|Publication number||US5021217 A|
|Application number||US 07/368,276|
|Publication date||4 Jun 1991|
|Filing date||19 Jun 1989|
|Priority date||20 Dec 1988|
|Publication number||07368276, 368276, US 5021217 A, US 5021217A, US-A-5021217, US5021217 A, US5021217A|
|Original Assignee||Nichiryo Co., Ltd.|
|Export Citation||BiBTeX, EndNote, RefMan|
|Patent Citations (6), Referenced by (65), Classifications (13), Legal Events (7)|
|External Links: USPTO, USPTO Assignment, Espacenet|
The present invention relates to a multipipet having, for example 8 or 12 channels, which is so designed that the operation of assembling the same is facilitated and the working efficiency is improved.
In one example of a conventional multipipet, a plurality of plungers are fixedly attached to a common supporting body at a predetermined pitch and a plurality of cylinders are also fixedly attached to another common supporting body at a predetermined pitch. In operation, the plungers are simultaneously and fittingly advanced in the respective cylinders against the force of springs. The plungers are then returned to suck predetermined amounts of liquid into the cylinders and then moved downward again to discharge the predetermined amounts of liquid from the cylinders.
The above-described arrangement suffers, however, from the following disadvantages. Since the pitch of the plungers and that of the cylinders are fixed, if there is any difference between the pitch of the plungers and that of the cylinders, this pitch error cannot be tolerated and the plungers are likely to be rubbed locally against the side walls of the cylinders to an extent corresponding to the degree of the dimensional error. In such a case, the reciprocating motion of the plungers cannot be effected smoothly, which interferes with the operation and lowers the pipetting accuracy. This problem may be overcome by increasing the precision of assembly, but this would lead to a very high cost for assembling the multipipet.
According to another prior art (see for example, Japanese Patent Publication No. 35557/1977), a plurality of plungers are oscillatably attached to a common supporting body through respective springs so that any small pitch error between the plungers and the cylinders is absorbed by each individual plunger which oscillates in such a manner as to adjustably fit the corresponding cylinder, thereby enabling the plungers to reciprocate smoothly within the cylinders, and thus eliminating the above-described disadvantages.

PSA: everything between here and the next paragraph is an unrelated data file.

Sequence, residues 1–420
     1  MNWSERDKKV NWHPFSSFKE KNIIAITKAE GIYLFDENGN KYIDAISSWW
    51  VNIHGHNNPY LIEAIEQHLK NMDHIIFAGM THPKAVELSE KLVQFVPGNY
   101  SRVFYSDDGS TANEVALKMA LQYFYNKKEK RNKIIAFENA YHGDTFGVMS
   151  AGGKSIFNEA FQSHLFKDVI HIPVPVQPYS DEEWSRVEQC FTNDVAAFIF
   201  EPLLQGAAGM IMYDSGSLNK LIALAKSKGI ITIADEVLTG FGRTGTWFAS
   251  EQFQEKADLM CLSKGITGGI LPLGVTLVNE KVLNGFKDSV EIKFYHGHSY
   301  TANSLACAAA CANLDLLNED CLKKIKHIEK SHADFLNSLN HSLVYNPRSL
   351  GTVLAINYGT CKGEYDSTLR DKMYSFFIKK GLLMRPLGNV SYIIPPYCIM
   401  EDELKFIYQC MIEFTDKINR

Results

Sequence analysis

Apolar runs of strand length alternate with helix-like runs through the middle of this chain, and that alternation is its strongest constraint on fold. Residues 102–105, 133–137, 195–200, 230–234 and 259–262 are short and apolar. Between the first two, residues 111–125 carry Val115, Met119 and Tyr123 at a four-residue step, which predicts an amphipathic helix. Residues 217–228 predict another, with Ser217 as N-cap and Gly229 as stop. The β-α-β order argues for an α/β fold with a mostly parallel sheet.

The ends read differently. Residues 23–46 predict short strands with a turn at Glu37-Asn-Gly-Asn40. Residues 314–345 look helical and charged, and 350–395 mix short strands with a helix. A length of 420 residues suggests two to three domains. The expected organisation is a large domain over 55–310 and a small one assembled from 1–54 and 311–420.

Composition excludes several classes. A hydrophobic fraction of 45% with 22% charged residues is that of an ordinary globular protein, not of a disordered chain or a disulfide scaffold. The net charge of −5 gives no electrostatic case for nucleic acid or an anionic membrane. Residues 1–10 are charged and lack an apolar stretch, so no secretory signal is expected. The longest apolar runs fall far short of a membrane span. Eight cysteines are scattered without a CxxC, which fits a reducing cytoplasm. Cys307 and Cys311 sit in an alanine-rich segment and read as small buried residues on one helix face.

However, the above-described prior art suffers from the following disadvantages since the cylinders are still fixedly attached to another common supporting body. More specifically, when the distal end portions of the cylinders of the multipipet are simultaneously and respectively inserted into a plurality of nozzle tips supported on a nozzle tip rack, if there is an error between the pitch of the cylinders and that of the nozzle tips, some of the nozzle tips cannot be tightly fitted onto the distal end portions of the corresponding cylinders. Accordingly, it is necessary to make a manual check to determine whether or not each individual nozzle tip has been tightly and properly fitted onto the corresponding cylinder and, if any nozzle tip has not been properly fitted, it must be manually forced so as to fit onto the cylinder in its proper position. Thus, the operation of this prior art has been troublesome.
One object of the invention is to provide an improved multipipet which is so designed that a plurality of plungers are respectively and fittingly advanced in a plurality of cylinders by a manual operation against the force of a spring, the plungers then being returned to suck predetermined amounts of liquid into the cylinders and thereafter moved downward again to discharge the predetermined amounts of liquid from the cylinders, wherein the improvement is characterized in that the cylinders are supported by a supporting member in such a manner that each cylinder is individually oscillatable sideward relative to the supporting member.
Accordingly, (1) when the plungers are moved downward, any small pitch error between the plungers and the cylinders can be absorbed by the cylinders which are capable of individually oscillating sideward in conformity with the pitch of the plungers, thus enabling the plungers to be moved up and down smoothly, and (2) when the distal end portions of the cylinders are respectively inserted into a plurality of nozzle tips, any small pitch error between the cylinders and the nozzle tips can also be absorbed by the individual sideward oscillation of the cylinders that occurs in conformity with the pitch of the nozzle tips, thus enabling the nozzle tips to be speedily and reliably fitted onto the cylinders.
Another object of the invention is to provide an improved multipipet which is so designed that the plungers and the cylinders are accommodated in a single housing, and that a gripping body which accommodates a push button and an intermediate mechanism is attached to the housing through threaded engagement.
Accordingly, the gripping body and the housing can be readily assembled and disassembled with respect to each other.
Other objects and advantageous effects will be explained below.
FIGS. 1 and 2 are front and side views, respectively, of an 8-channel multipipet which is one embodiment of the multipipet according to the present invention;